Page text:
Exchange Rate Policy and the Management of Official and Private Capital Flows in Africa
During the 1990s a number of African central banks succeeded in bringing inflation to relatively low levels while maintaining a market-determined exchange rate. These central banks were generally reluctant to fully subordinate exchange rate targets to monetary targets, however, particularly in the face of large external shocks. We focus on the management of highly persistent shocks to aid flows, including PRSP-related increases in net flows, in the presence of currency substitution by the domestic private sector. Such shocks have beneficent long-run effects, but when currency substitution is high they can produce dramatic macroeconomic management problems in the short run. What is the appropriate mix of money and exchange rate targeting in such cases, and the role of temporary sterilization? We analyze these and related issues in an intertemporal optimizing model that allows a portion of aid to be devoted to reducing the government's seigniorage requirement. This creates a strong link between official aid flows and private capital flows, giving rise to tradeoffs reminiscent of the literature on private capital inflows in emerging markets. When the credibility of policymakers' commitment to low inflation is firm, some degree of dirty floating, with little or no sterilization of increases in the monetary base, is the most attractive approach.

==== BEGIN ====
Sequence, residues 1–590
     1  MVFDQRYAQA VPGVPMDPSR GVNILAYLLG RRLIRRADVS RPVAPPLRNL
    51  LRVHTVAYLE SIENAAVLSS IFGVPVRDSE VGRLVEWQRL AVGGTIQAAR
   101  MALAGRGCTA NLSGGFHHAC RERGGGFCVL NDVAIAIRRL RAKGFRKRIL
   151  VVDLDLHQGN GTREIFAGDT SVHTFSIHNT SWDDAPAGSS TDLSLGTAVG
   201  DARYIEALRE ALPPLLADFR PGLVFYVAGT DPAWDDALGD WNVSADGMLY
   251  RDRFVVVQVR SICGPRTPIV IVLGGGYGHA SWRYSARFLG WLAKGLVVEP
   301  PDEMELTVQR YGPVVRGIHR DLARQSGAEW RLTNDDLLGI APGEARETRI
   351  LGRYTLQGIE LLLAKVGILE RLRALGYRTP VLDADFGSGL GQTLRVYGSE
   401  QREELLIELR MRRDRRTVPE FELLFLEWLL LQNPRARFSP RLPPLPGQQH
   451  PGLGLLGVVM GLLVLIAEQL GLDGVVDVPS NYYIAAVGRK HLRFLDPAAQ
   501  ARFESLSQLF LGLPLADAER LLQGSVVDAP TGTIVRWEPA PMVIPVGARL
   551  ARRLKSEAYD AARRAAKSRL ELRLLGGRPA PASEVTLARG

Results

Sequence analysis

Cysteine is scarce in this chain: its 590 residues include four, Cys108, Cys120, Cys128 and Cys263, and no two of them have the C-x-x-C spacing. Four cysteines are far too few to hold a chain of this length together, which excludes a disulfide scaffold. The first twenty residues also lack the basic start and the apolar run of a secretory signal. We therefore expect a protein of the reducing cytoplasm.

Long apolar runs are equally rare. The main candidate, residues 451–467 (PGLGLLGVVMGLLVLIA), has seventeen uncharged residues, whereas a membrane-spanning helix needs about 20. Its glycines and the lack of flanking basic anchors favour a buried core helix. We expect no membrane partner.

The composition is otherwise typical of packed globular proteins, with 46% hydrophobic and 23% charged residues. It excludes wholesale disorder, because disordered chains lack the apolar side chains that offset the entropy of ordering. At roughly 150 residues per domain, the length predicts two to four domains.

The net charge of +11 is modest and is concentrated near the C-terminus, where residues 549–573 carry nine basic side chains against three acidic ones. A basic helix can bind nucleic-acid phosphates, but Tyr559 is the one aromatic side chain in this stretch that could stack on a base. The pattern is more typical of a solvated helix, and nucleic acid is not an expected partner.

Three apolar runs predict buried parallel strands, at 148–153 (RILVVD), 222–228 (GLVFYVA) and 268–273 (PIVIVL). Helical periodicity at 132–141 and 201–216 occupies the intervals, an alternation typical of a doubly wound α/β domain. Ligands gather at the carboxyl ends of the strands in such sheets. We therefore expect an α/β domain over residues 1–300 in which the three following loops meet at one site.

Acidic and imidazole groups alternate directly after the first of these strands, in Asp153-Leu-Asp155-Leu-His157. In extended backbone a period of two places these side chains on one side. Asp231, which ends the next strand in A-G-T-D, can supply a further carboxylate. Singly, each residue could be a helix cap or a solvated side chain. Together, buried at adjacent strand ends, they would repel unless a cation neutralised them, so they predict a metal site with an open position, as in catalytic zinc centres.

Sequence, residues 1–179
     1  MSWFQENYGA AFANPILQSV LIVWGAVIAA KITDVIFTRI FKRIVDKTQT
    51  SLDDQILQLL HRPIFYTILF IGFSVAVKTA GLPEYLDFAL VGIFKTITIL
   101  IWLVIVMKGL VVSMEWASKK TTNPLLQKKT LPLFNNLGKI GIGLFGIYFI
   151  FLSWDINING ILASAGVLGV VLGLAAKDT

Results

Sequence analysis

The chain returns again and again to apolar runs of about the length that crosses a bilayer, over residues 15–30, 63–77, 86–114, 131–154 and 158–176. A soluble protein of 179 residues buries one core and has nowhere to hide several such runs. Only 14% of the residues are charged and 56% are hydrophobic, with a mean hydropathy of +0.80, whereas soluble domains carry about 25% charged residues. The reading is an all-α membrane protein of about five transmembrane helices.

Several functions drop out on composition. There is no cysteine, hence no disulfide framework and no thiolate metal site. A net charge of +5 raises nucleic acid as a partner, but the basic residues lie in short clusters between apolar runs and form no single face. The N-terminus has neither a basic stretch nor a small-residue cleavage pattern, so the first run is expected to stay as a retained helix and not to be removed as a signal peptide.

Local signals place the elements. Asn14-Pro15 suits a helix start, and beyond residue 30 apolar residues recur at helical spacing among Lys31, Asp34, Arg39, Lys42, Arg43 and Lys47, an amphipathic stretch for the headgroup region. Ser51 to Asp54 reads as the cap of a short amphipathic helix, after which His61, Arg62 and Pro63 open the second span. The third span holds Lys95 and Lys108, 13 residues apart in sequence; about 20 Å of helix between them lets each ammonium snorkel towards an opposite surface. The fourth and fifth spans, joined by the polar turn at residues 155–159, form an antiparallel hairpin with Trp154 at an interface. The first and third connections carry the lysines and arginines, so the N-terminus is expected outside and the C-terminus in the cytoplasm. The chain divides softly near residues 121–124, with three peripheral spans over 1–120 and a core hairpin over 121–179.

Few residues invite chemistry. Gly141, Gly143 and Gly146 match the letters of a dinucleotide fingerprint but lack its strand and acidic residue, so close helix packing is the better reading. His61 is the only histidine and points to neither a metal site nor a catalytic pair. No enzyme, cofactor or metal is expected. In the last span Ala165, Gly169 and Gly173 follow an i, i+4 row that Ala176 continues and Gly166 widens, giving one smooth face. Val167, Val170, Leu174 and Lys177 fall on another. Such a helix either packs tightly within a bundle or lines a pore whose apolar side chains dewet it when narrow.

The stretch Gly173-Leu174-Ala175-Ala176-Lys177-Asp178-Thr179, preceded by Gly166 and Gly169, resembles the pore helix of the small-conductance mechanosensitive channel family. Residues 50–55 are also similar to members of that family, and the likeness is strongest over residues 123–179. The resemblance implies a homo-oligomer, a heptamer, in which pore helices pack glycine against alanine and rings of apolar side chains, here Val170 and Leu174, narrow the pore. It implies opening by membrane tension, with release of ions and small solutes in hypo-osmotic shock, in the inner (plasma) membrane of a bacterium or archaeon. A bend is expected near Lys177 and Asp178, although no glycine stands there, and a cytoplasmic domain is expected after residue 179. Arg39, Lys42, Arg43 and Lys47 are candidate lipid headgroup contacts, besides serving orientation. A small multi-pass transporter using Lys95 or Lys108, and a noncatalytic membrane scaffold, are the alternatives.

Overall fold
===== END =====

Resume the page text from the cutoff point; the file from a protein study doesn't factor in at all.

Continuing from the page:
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Volume (Year): 51 (2004)
Issue (Month): s1 (June)
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